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King in United Kingdom

Concept of King; Queen

The following is an old definition of King; Queen [1], a term which has several meanings:1. The person in whom is invested the supreme executive power of the government of Great Britain

Alternative Meaning

Sovereign power; government; commonwealth; state. Compare Rex. The crown is hereditaiy, in the feudal path for succession to landed estates as marked out by the common law; but this does not imply an indefeasible right. Therefore, in his political capacity, the king never dies. His duty is to govern according to law;. disobedience to his command is a high contempt or a mis-prision. As the fountain of justice, he is always ubiquitous – always present in his courts; hence he cannot be non-suit, and does not appear by attorney. He is the steward of the public, to dispense justice to whomsoever it is due. In foreign affairs he represents the nation: sends and receives ambassadors; makes treaties; proclaims war, and peace; issues reprisals, grants, safe-conducts. In domestic affairs he is part of the supreme legislative power: may negative a new law, and is bound by none unless specially named; is the general of the kingdom – raises armies, defends the kingdom; con- fines subjects within the realm, recalls them from abroad; is the general conservator of the peace – erects courts, prosecutes offenders, pardons crimes, issues proclamations; is the fountain of office and privilege; is the arbiter of domestic commerce – erects marts, regulates weights and measures and the coinage of money; and is the supreme head of the church – convenes and dissolves synods, nominates bishops, and receives appeals. His revenue is ordinary: ecclesiastical and temporal – from demesne lands of the crown, from the Courts of justice, royal fish, wrecks, jetsam, flotsam, ligan, royal mines, treasure-trove, waifs, estrays, forfeitures for offenses and for deodands; from escheats, and from the custody of lunatics; and extraordinary: aids, subsidies granted by the Commons – now a tax, charged with the civil list, and with which the expenses of the civil government are defrayed. In the kfing there can be no negligence; no delay bars his right. See Tempus, Nullum, etc. ” The king can do no wrong.” This means either that whatever is excep’tional in the conduct of public affairs, is not to be imputed to him; or, that the prerogative extends not to an injury; in his political ca- pacity the king is absolute perfection. The maxim has no place in our systems of constitutional law. The Constitution admits that heads of departments may do wrong, and provides for their impeachment. A wrong attempted in the name of a State is imputable to its government. Statutes of parliament are generally cited by the name and the year of the sovereign in whose reign they were passed. In the subjoined table the Roman numerals indicate the year of accession: 1. William 1, 1066. 20. Henry VHI, 1509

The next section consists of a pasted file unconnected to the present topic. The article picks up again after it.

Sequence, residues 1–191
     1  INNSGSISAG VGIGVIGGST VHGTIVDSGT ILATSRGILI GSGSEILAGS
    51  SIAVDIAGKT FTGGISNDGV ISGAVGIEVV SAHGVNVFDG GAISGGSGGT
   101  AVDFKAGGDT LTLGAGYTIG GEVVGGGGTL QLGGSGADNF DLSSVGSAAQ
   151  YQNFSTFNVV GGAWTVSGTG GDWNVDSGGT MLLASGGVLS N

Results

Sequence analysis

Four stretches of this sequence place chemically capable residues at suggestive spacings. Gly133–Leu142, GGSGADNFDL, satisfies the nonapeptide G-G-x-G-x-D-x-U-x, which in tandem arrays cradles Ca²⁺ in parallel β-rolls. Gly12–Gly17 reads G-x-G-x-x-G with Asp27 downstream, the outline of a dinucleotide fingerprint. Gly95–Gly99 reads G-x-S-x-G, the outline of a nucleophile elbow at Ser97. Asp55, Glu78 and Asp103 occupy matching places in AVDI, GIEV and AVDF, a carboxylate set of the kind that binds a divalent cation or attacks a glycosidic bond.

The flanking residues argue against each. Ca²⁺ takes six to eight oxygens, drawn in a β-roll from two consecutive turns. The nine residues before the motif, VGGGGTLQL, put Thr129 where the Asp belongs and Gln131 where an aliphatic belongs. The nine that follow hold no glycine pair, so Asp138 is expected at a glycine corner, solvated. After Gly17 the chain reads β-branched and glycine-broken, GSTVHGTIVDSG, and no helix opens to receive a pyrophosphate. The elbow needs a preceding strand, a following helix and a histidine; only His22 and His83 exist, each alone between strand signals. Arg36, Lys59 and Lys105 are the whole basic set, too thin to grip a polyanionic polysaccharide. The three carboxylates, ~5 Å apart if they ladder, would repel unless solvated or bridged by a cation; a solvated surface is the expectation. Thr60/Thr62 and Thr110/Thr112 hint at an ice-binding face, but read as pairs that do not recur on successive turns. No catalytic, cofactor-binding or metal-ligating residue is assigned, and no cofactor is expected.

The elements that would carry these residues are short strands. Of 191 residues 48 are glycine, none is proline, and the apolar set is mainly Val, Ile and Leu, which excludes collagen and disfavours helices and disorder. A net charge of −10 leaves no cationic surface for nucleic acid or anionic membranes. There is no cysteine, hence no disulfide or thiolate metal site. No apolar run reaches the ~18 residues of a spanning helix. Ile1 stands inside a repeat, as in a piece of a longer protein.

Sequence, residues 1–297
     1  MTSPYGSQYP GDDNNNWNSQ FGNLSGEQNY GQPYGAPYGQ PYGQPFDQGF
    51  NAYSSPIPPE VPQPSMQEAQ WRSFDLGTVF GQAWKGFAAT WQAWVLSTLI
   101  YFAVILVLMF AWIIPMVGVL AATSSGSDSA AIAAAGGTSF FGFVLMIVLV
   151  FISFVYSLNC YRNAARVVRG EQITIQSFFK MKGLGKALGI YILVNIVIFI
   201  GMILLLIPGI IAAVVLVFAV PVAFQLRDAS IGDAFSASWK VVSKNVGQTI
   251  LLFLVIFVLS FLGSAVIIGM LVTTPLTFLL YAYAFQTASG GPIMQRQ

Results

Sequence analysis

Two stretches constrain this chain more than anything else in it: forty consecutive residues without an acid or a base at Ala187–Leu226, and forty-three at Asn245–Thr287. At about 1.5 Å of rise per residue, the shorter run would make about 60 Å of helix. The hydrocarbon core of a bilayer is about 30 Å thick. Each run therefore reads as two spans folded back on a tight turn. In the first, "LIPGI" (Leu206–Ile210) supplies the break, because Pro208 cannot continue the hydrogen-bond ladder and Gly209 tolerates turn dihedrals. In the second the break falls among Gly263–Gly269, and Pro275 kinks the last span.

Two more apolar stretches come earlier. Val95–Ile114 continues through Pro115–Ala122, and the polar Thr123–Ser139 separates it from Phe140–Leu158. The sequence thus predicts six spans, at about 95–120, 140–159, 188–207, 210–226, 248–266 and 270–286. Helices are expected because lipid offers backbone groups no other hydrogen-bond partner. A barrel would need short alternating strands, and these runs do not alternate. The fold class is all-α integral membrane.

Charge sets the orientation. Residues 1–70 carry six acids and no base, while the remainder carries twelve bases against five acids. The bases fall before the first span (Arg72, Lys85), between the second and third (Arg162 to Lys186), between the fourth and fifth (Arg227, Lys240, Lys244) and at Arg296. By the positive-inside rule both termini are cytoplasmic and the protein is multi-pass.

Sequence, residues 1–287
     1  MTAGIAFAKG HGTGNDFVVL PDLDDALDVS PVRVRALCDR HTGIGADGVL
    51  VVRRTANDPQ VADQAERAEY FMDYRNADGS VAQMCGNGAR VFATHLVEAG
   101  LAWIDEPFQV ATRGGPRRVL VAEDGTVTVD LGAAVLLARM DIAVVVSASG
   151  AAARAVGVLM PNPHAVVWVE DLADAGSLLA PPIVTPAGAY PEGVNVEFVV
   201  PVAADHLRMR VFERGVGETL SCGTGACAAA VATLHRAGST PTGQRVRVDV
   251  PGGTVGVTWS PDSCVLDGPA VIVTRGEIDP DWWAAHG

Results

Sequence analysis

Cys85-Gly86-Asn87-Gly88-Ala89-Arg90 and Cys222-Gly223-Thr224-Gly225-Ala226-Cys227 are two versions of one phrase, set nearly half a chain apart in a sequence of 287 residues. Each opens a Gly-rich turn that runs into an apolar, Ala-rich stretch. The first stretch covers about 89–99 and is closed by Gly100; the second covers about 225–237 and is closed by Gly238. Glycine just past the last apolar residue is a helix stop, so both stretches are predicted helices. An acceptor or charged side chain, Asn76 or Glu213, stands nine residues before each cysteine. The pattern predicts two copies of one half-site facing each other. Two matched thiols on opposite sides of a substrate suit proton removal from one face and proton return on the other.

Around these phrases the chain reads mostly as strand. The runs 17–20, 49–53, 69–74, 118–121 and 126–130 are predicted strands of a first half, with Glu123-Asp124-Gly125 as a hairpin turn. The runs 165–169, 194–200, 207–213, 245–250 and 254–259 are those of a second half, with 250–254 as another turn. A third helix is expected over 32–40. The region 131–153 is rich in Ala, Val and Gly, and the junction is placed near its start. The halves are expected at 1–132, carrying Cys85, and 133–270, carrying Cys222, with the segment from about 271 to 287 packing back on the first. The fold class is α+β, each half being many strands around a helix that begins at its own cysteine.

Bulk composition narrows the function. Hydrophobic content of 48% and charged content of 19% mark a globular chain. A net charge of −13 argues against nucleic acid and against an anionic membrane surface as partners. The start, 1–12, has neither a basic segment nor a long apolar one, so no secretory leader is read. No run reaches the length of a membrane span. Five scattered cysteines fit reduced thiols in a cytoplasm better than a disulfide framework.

Alternative Meaning

William ll, 1087. 21. Edward VI, 1547. 3. Henry I, 1100. 22. Mary, 1553. 4. Stephen, 1135. 23. Elizabeth, 1559. 5. Henry ll, 1154. 24. James 1, 1603. 6. Richard 1, 1189. 25. Charles 1, 1625. 7. John, 1199. 26. The Commonwealth, 8. Henry Ill, 1216. 1649. 9. Edward 1, 1273. 27. Charles II, 1649. 10. Edward II, l307. 28. James ll, 1685. 11. Edward III, 1327. 29. William and Mary, 1689. 12. Richard ll, 1377. 30. William llI, 1695. 13. Henry IV, 1399. 31. Anne, 1702. 14. Henry V, 1413. 33. George 1, 1714. 15. Henry VI, 1422. 33. George lll, 1727. 16. Edward IV, 1461. 34. George III, 1760. 17. Edward V, 1483. 35. George IV, 1820. 18. Richard m, 1483. 36. William IV, 1830. 19. Henry VII, 1485. 37. Victoria, June 20, 1837. See Bench; Council; Counsel; Court; Crown; Feum; Government; Parliament; Patent; Patria; Peace; Prerogative; Tenure,1; Treason; Ubiquity, 1.


Notes and References

  1. Meaning of King; Queen provided by the Anderson Dictionary of Law (1889) (Dictionary of Law consisting of Judicial Definitions and Explanations of Words, Phrases and Maxims and an Exposition of the Principles of Law: Comprising a Dictionary and Compendium of American and English Jurisprudence; William C. Anderson; T. H. Flood and Company, Law Publishers, Chicago, United States)

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  • Article Name: King
  • Author: Anthony Lincoln
  • Description: Concept of King; Queen The following is an old definition of King; Queen [1], a term which has several meanings:1. The [...]

This entry was last updated: January 21, 2017


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